What is the etymology of "嗨"? Is it used because it sounds like the English word "Hi"?
I wouldn't call 嗨 onomatopoeic, since it doesn't seem to be imitating any particular sound.
According to the Ministry of Education's 國語辭典, 嗨 is an interjection that expresses discouragement, regret, surprise, etc. It is sometimes written as 咳, (in this sense also read hai, not ke).
This use goes back to Yuan dynasty drama. It can also be used in chanting sort of expressions such as 嗨唷, which is what everyone was yelling when I was on the tug-of-war team. Acc. to 國語辭典, this use can also be found in Yuan dynasty plays.
Unlike some dictionaries, 國語辭典 does specifically mention the use of 嗨 as 音譯 for English Hi. This use must be quite modern. Acc. to the Oxford English Dictionary, the use of 'hi' as 'a word of greeting' (=hello) is primarily North American in origin, apparently late 19th cent. I wouldn't be surprised if 嗨 = Hi, was a post WW2 innovation in Chinese.
I tried looking for sources trying to find where 嗨 was to represent an English word.
近来，常常听到主持人用“嗨”这个字。。。令观众和听众只能朦胧地意会 (Recently, I've heard a lot of TV hosts use the word 嗨...it causes the listeners to only be able to guess at what the host means).
Because the article notes that much of the audience is probably unfamiliar with the word, the origin of 嗨 to mean any English word must have been before 2003, but not that much before.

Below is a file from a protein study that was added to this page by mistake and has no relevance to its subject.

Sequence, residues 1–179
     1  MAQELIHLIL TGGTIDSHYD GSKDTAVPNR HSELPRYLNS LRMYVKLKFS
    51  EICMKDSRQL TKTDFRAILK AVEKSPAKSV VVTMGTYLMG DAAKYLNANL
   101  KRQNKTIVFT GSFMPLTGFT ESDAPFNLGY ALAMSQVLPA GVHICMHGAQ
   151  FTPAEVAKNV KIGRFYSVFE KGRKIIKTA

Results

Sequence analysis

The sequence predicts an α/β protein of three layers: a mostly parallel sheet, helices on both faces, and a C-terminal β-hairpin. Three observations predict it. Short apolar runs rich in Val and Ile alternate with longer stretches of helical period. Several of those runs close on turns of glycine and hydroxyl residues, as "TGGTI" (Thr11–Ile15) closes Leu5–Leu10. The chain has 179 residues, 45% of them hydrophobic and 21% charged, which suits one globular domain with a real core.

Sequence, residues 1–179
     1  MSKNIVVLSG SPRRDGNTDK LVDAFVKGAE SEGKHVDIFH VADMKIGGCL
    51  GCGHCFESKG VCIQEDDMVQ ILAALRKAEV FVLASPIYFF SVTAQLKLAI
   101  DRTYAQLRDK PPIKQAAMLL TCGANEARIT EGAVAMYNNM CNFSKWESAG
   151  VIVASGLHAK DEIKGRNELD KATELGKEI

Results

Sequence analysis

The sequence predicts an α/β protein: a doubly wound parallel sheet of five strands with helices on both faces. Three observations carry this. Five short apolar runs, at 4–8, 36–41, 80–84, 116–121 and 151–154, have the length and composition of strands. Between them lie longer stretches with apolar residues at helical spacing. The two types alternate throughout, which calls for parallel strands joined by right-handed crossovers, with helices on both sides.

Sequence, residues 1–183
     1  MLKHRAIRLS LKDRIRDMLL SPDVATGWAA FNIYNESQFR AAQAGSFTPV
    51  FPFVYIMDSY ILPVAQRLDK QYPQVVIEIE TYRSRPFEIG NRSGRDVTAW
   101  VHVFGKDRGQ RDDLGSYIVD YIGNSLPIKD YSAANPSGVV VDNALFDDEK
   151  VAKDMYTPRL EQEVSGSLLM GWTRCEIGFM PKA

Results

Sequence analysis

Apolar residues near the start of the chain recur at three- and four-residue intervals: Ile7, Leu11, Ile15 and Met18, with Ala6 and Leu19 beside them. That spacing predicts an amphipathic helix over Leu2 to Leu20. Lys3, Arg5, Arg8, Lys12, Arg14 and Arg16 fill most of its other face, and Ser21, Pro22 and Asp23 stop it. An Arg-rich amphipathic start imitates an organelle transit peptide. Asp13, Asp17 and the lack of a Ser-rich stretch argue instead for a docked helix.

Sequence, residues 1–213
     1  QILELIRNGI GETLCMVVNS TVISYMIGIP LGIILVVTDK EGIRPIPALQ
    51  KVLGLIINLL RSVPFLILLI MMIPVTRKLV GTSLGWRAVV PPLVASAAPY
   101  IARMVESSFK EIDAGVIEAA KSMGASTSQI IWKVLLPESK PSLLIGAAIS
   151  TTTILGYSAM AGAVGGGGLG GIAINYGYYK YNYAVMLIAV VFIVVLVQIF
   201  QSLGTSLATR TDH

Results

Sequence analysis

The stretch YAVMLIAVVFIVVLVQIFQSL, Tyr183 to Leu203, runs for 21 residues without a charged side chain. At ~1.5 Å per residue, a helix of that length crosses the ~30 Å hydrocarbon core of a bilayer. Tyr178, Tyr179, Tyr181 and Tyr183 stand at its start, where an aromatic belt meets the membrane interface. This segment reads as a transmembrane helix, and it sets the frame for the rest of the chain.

This 2004 article says
Hi（嗨），苏珊 (Hi, Susan)
which helps support my previous conjecture about the timing of the meaning of 嗨 to mean
I think the term more commonly use to say
hi in Chinese is
嘿, but some time in the 90s or so, the word 嗨 started being utilized due to how similar it sounds to the English word
Also on another note, in addition to what wpt said, 嗨哟 is used like heave-ho and according to Wikipedia it was used in some old songs that provided the basis for 东方红.
口 + 屮 + 水 + 母 = mouth + sprouting plant + 3 points water + woman
Edit： Forgot the 三点水
http://www.zdic.net/z/16/zy/55E8.htm has a nice old version, you can see the woman clearly. Quite what the significance of her having a plant for a head is escapes me， （maybe someone here knows) and the representation of her bosom leaves a lot to be desired!
Here are some old versions of 海
zdic has as number 1 meaning 象声词, so I presume that is its main use.